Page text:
1911 Encyclopædia Britannica/Abbotsford
|←Abbot||1911 Encyclopædia Britannica, Volume 1
|Abbott, Edwin Abbott→|
|See also Abbotsford House on Wikipedia; and our 1911 Encyclopædia Britannica disclaimer.|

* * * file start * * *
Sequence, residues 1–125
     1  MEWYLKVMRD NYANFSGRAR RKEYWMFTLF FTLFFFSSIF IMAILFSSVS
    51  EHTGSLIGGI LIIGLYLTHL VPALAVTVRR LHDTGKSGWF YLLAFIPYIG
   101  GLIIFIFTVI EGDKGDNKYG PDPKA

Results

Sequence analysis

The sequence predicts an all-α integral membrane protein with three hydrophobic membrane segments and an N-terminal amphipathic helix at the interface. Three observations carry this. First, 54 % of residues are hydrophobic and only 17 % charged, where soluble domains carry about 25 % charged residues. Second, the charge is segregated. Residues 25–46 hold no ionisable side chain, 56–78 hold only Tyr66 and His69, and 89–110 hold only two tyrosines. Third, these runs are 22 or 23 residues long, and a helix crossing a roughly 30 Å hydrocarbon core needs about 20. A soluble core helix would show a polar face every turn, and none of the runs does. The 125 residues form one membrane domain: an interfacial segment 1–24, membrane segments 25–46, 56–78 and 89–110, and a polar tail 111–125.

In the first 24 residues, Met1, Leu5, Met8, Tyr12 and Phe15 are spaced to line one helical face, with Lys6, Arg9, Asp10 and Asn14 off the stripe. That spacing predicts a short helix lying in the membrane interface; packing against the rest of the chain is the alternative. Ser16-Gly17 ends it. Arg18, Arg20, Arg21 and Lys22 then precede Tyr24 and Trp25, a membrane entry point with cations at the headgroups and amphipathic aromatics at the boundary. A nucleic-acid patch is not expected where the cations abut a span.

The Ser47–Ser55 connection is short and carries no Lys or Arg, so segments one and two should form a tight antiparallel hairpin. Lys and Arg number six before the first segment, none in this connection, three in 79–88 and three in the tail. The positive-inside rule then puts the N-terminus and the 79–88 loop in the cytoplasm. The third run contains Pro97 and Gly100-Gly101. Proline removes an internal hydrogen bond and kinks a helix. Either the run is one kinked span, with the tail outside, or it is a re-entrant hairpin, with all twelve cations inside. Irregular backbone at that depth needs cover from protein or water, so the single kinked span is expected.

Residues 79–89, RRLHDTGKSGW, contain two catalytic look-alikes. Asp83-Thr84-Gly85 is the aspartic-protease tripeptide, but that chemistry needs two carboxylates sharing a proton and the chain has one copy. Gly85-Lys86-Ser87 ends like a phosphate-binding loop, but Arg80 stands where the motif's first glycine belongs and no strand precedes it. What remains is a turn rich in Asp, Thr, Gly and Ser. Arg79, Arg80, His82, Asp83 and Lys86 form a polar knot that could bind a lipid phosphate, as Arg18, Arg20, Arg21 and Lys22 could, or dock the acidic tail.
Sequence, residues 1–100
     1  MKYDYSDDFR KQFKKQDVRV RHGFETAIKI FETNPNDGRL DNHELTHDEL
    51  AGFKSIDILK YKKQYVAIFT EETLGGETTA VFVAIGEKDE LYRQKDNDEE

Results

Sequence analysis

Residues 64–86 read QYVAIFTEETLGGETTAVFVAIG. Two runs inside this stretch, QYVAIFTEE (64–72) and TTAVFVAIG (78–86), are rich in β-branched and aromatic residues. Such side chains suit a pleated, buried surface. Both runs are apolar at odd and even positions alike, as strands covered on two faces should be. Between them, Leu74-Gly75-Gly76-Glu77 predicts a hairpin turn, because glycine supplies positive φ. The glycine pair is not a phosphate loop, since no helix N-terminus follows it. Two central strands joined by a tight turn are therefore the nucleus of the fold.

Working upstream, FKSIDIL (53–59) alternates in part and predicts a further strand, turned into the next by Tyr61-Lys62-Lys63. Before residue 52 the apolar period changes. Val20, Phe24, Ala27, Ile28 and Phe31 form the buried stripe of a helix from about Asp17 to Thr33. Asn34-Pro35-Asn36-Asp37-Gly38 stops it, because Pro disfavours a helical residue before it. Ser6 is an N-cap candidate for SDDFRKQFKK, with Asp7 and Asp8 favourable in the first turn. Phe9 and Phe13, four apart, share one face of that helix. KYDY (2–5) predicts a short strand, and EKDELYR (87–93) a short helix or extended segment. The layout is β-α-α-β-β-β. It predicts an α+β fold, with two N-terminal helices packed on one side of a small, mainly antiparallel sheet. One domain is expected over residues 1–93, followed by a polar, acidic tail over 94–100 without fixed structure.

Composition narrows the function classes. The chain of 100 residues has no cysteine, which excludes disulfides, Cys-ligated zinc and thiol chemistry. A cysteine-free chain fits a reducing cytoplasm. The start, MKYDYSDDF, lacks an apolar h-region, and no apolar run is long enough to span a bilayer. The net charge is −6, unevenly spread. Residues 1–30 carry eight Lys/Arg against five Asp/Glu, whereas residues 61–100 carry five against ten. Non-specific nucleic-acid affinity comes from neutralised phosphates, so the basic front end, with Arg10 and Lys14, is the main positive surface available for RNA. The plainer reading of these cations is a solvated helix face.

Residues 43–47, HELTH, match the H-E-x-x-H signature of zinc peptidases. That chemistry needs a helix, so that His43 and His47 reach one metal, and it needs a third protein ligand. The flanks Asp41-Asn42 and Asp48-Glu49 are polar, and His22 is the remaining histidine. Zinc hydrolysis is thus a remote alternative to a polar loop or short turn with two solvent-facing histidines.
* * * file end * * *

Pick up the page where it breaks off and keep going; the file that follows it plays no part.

ABBOTSFORD, formerly the residence of Sir Walter Scott, situated on the S. bank of the Tweed, about 3 m. W. of Melrose, Roxburghshire, Scotland, and nearly 1 m. from Abbots ford Ferry station on the North British railway, connecting Selkirk and Galashiels. The nucleus of the estate was a small farm of 100 acres, called Cartleyhole, nicknamed Clarty (i.e. muddy) Hole, and bought by Scott on the lapse of his lease (1811) of the neighbouring house of Ashestiel. It was added to from time to time, the last and principal acquisition being that of Toftfield (afterwards named Huntlyburn), purchased in 1817. The new house was then begun and completed in 1824. The general ground-plan is a parallelogram, with irregular outlines, one side overlooking the Tweed; and the style is mainly the Scottish Baronial. Into various parts of the fabric were built relics and curiosities from historical structures, such as the doorway of the old Tolbooth in Edinburgh. Scott had only enjoyed his residence one year when (1825) he met with that reverse of fortune which involved the estate in debt. In 1830 the library and museum were presented to him as a free gift by the creditors. The property was wholly disencumbered in 1847 by Robert Cadell, the publisher, who cancelled the bond upon it in exchange for the family's share in the copyright of Sir Walter's works. Scott's only son Walter did not live to enjoy the property, having died on his way from India in 1847. Among subsequent possessors were Scott's son-in-law, J. G. Lockhart, J. R. Hope Scott, Q.C., and his daughter (Scott's great-granddaughter), the Hon. Mrs Maxwell Scott. Abbots ford gave its name to the "Abbotsford Club," a successor of the Bannatyne and Maitland clubs, founded by W. B. D. D. Turnbull in 1834 in Scott's honour, for printing and publishing historical works connected with his writings. Its publications extended from 1835 to 1864.